Friday, September 29, 2006

"Jane, stop this crazy thing."

I thought I’d uncovered a new conspiracy, then I learned it wasn’t something new, but something that had been going on for a long damn time.

Jennifer Lopez pushed me over the edge. That is to say a Jennifer Lopez movie pushed me over the edge. That is to say the poster for a Jennifer Lopez movie pushed me over the edge. Monster-in-law in which Jane Fonda returned to the screen as an evil mother-in-law, playing second fiddle to JLo. That’s when the vague feeling of paranoia clicked into conspiratorial focus.

Jane Fonda in Monster-in-law, Dustin Hoffman and Robert De Niro in Meet the Fockers, Jack Nicholson in an Adam Sandler movie, Christopher Walken in anything...there was a conspiracy at work. A dark agenda to take the powerful actors I grew up watching and turn them into buffoons. To erase their powerful work from the communal memory and replace it with sophomoric psuedo-humor. To continue the dismantling of American movies until nobody remembers how potent and important they once were. How they made you angry, how they moved you. How they made you think. Now the capper: Jane Fonda. They took the woman who was in Klute and made her a second banana to Jennifer Lopez.

I mentioned my theory to one of the few younger people who are still permitted to communicate with me. He wasn’t startled by my revelation. He told me it was a generational phenomenon. Happens all the time. And I realized in that instant, damn it, he was right.

Back in the sixties, my first exposure to Bette Davis was Whatever Happened to Baby Jane? How are you supposed to take her seriously in Mrs. Skeffington after you’ve seen that slice of custard pie? The Boris Karloff of moody Val Lewton films had to be filtered through The Ghost in the Invisible Bikini. Basil Rathbone’s towering presence in The Adventures of Robin Hood and the Universal Sherlock Holmes movies will always be in the context of his work in Hillbillys in a Haunted House where he stands shoulder to shoulder with John Carradine who’s on hand to erase his work in Grapes of Wrath.

So this cultural cannibalism has been going on for several generations. All I’m experiencing is what it’s like to be the target group, the ones who are having their memories invalidated, having the art that shaped us tossed on the heap with all that other old junk, headed for the furnance in the basement at Xanadu...and if you don’t get that reference, you just proved my point.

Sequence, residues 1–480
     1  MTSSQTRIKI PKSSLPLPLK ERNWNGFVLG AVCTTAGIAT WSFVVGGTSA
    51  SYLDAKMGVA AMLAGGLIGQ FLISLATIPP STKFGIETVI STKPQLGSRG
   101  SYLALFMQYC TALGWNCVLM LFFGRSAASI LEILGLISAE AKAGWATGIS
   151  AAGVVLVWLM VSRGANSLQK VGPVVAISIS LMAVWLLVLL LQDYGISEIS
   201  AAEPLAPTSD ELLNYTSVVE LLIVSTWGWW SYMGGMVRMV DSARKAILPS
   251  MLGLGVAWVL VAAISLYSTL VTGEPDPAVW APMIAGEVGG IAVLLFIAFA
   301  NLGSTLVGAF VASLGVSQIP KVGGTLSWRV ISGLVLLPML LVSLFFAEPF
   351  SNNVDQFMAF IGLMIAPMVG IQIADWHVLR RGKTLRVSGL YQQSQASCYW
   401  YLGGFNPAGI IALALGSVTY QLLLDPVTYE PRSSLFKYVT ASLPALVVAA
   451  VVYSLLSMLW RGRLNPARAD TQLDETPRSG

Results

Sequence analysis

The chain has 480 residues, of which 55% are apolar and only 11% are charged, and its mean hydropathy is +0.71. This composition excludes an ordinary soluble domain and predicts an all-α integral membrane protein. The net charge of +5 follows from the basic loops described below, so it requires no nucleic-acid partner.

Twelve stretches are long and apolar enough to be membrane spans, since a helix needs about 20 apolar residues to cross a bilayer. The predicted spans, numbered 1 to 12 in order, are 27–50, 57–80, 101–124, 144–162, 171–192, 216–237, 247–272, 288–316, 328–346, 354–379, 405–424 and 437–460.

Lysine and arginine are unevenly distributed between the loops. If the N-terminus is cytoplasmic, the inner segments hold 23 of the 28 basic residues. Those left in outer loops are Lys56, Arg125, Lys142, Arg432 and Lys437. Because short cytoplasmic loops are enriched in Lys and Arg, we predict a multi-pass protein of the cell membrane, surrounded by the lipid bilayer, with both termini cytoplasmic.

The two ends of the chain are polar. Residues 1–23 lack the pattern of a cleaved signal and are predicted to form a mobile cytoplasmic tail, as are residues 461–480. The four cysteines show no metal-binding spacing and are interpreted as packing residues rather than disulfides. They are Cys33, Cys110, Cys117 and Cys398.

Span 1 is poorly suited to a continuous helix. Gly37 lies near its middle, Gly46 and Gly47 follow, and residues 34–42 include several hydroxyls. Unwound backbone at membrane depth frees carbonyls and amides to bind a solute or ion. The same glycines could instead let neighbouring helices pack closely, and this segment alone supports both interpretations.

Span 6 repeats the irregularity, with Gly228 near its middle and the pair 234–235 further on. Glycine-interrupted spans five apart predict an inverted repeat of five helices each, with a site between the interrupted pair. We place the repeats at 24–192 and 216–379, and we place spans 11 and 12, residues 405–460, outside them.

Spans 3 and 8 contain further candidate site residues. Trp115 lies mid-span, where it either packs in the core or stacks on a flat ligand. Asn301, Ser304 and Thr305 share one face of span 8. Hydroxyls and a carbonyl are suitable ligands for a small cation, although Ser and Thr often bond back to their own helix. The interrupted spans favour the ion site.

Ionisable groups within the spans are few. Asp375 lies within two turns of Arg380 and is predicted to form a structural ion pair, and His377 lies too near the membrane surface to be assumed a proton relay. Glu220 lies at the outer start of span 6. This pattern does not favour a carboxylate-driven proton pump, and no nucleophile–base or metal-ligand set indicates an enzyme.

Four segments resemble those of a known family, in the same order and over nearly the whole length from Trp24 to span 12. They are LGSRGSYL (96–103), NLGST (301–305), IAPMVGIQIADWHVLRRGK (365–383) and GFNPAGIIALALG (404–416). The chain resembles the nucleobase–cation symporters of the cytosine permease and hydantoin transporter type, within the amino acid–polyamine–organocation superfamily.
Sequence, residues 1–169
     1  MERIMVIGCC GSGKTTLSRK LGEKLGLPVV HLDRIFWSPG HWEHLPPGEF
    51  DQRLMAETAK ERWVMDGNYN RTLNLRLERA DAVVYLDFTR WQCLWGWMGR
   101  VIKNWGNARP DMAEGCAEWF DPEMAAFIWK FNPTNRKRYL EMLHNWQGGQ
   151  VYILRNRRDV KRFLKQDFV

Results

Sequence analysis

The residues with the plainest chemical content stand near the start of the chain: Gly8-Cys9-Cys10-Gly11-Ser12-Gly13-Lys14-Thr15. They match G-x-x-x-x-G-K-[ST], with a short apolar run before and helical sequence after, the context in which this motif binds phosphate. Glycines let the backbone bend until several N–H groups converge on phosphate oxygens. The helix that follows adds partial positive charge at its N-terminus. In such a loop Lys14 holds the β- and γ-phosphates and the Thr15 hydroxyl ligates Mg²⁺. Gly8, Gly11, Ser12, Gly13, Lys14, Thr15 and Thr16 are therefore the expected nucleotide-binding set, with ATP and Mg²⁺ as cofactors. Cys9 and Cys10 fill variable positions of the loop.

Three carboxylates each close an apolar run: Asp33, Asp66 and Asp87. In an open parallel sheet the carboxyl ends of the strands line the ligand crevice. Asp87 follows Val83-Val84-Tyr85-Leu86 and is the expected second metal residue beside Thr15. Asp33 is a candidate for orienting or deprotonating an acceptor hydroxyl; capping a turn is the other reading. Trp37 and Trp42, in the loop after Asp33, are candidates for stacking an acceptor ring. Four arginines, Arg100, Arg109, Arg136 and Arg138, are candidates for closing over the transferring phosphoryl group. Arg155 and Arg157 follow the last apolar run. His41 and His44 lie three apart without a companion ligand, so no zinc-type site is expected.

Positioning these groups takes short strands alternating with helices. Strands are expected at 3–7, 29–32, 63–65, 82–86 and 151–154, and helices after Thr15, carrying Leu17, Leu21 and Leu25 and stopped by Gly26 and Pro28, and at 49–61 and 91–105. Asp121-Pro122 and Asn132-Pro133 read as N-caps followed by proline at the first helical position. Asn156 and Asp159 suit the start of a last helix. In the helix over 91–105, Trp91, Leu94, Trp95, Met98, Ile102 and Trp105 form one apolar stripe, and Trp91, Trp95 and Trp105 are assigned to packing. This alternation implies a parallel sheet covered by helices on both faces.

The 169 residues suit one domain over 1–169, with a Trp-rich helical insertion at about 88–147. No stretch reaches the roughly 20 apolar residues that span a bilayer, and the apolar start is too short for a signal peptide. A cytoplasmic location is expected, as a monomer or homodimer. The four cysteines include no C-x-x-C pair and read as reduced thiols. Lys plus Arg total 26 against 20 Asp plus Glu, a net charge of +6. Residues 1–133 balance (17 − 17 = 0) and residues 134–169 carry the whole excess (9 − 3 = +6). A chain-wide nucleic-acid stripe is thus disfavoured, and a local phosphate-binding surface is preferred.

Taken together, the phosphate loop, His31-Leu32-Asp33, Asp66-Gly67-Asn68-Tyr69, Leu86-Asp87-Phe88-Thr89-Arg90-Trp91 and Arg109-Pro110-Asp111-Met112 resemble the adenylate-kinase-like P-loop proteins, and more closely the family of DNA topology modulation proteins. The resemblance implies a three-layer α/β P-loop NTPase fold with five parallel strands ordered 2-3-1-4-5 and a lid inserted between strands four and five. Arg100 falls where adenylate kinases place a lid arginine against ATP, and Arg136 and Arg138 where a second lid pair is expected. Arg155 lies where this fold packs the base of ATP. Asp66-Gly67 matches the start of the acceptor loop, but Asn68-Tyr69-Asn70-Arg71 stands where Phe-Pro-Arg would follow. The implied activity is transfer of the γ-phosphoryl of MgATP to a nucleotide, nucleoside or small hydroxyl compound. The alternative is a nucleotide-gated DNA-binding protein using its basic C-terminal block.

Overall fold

I can’t claim any objectivity here, but this particular destruction does seem more perniciously efficient than previous ones. As if the forces of banality had taken a page from the Republican play-book, really gotten their act together and are gleefully eradicating anything that ever made a difference in popular culture. I’m all in favor of art moving on, but it should be moving on to greater sophistication. Going from The Price is Right to Deal or No Deal is not a step forward. Going from Taxi Driver to Analyze That is not evolution.

But taking Jane Fonda, who was the dark, dangerous, wounded heart of Klute and They Shoot Horses Don’t They? and turning her into a sit-com mother-in-law joke, this is tampering with the balance of the universe. This is cultural blasphemy. And we’re not even talking about how hot she was in Barbarella.

There’s nothing I can do about it. Except lament and complain and seem terribly out of date and nostalgic. Nos-tal-gic. The word itself sounds like a medical condition.

“You’re suffering from chronic nostalgia in its most virulent form. I’m afraid it’s hopeless. We can manage the symptoms by applying powerful dismissive and condescending agents, but you’ll eventually transition into a terminal state of euphoric irrelevance. By then we’ll have forgotten all about you, and about how things once had richness and dimension, how there was a time when movies had a texture other than the Teflon sheen of computer generated vistas, views that lack a molecule of the verisimilitude you get from looking at hundred-year-old stereopticon slides. But don’t worry, we’re working hard to make sure nobody knows they’re missing anything. Hey, they won’t even miss you.”

“Thanks, Doc.”

And so we retreat, falling backwards into memories that seem so much richer than current reality...because they are.


Blogger Reel Fanatic said...

I suspect the other on your list, even De Niro, were just waiting for the right moment to unleash the their inner buffoon .. I always thought Jane, however, was on a whole other plane of class, but I guess Hollywood just can't be stopped!

3:34 AM  

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